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Chris Blattman

Chris Blattman is an Associate Professor at Columbia University. Through his blog, Chris explores statistics and cultural trends to examine poverty and political participation. His weekly links capture some of the best content on the web.

The new Kashmir: How I think the Russia-Ukraine conflict could play out

After reading many things, talking to colleagues knowledgable about Russia, thinking about parallels to other conflicts, and idly speculating about a place that five months ago I struggled to find on an unlabelled map, here are some thoughts. One plausible scenario is that we are looking at the next Kashmir—something that will soon evolve into a tense but durable “peace” without any real settlement, but at least one where few people are dying. For the next while there will be more fighting...

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Putin the weak strongman

Putin-centered approaches to Russian politics also assume that President Putin can easily turn his preferences into policy outcomes. To be sure, Putin is the central node in Russian politics, has faced no serious political challenger since returning to the presidency in 2012, and can often pass legislation with few amendments in Parliament, but he also confronts the physical limits of ruling Russia and challenge of governing a modern society. He must rely on close advisers who in turn...

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Putin the weak strongman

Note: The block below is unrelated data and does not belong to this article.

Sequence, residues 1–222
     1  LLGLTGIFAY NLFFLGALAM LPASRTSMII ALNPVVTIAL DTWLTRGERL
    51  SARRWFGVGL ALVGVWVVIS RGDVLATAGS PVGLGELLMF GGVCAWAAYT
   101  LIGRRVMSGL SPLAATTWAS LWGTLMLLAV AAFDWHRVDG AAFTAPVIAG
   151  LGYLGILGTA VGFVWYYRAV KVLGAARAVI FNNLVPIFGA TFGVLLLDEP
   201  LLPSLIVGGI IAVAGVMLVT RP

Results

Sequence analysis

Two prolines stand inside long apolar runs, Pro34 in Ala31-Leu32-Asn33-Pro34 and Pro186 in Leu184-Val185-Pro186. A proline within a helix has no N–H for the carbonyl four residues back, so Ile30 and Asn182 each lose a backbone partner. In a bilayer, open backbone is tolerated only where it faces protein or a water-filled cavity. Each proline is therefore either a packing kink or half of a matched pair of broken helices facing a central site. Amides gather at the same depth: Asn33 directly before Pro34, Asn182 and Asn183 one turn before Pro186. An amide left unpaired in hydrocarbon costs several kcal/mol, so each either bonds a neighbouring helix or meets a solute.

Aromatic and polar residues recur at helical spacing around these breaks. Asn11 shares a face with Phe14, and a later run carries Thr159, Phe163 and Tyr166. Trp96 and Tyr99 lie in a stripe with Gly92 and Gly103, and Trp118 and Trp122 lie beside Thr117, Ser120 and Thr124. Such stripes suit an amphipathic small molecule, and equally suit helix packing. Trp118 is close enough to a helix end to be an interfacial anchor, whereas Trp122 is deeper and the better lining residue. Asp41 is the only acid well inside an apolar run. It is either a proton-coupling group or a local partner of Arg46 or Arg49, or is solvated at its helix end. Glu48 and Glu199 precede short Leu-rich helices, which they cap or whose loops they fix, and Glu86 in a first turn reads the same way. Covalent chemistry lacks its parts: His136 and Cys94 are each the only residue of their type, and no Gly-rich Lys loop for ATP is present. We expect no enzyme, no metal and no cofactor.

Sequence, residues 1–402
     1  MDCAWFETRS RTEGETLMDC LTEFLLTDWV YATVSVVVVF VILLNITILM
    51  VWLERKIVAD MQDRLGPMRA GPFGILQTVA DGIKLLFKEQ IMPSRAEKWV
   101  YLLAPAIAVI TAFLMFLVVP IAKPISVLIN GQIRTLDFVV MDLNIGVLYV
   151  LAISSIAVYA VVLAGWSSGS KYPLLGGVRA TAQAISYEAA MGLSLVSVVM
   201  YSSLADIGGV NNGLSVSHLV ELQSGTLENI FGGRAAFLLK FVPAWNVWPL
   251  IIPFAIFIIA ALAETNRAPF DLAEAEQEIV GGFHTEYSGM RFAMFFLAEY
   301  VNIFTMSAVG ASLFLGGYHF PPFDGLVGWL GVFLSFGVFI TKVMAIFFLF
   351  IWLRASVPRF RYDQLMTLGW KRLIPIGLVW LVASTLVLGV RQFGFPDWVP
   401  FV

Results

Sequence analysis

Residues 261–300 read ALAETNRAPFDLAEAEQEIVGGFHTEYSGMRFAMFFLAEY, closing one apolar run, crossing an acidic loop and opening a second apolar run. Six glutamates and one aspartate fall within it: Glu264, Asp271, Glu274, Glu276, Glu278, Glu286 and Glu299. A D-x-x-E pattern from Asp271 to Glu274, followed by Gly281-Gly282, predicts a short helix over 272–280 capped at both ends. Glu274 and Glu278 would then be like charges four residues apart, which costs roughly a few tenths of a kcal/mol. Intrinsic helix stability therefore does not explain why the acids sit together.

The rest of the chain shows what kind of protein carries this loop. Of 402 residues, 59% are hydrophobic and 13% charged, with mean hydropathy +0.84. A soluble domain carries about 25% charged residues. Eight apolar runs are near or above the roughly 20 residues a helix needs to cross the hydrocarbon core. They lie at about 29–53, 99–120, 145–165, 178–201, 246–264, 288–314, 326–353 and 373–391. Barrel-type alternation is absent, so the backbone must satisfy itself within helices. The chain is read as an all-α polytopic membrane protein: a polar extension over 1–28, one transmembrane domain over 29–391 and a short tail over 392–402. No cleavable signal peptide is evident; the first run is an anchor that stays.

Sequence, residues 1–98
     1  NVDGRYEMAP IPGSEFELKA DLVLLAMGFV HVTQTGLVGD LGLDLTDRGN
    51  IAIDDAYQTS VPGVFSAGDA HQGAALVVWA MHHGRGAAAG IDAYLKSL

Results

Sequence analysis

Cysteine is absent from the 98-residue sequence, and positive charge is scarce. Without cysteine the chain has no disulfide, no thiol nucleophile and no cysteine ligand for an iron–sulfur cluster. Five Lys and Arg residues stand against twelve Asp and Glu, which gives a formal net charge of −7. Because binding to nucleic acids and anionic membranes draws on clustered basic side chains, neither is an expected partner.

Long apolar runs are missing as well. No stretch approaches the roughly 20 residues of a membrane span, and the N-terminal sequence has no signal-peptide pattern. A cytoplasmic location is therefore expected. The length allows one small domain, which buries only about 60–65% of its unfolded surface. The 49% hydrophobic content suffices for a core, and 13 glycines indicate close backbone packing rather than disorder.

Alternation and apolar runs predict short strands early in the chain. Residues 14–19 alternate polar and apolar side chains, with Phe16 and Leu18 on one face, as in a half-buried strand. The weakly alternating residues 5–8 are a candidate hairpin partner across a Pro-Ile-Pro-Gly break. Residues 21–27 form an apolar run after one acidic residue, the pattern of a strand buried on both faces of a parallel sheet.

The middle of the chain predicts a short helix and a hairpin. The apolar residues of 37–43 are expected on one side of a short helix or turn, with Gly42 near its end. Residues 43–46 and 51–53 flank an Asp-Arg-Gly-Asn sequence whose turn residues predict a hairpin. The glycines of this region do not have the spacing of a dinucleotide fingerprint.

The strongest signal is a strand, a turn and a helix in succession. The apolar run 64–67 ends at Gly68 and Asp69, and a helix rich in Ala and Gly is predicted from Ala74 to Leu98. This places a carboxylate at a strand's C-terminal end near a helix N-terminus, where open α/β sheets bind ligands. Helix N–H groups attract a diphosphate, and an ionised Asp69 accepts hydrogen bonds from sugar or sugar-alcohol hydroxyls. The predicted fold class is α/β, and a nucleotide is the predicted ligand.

Putin-centered approaches to Russian politics also assume that President Putin can easily turn his preferences into policy outcomes. To be sure, Putin is the central node in Russian politics, has faced no serious political challenger since returning to the presidency in 2012, and can often pass legislation with few amendments in Parliament, but he also confronts the physical limits of ruling Russia and challenge of governing a modern society. He must rely on close advisers who in turn...

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Everything you need to know about letters of recommendation

Will a professor write you a letter of recommendation? My answer: Writing student recommendations comes with the faculty job, and I usually write if asked. But since this academic territory is often so unfamiliar to grad and undergrad students, let me give some general guidelines and advice. (For general advice on PhD applications see this post, and for other PhD advice see the right sidebar, including How to Get a PhD and Save the World) What do letters do? Let’s start by asking how PhD...

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Links I liked

These New Yorker cartoons do not exist: A thread of panels created by AI trained on the magazine’s comics But deep learning is probably hitting a wall Interview with Arvind Subramanian on India’s economic policy  Five percent of American kids are placed in foster care at some point in their lives. The economics of foster care. US poised to release 2.4 billion genetically modified male mosquitoes to battle deadly diseases Advances in astronomy: 5000 planets discovered so far Lex Fridman...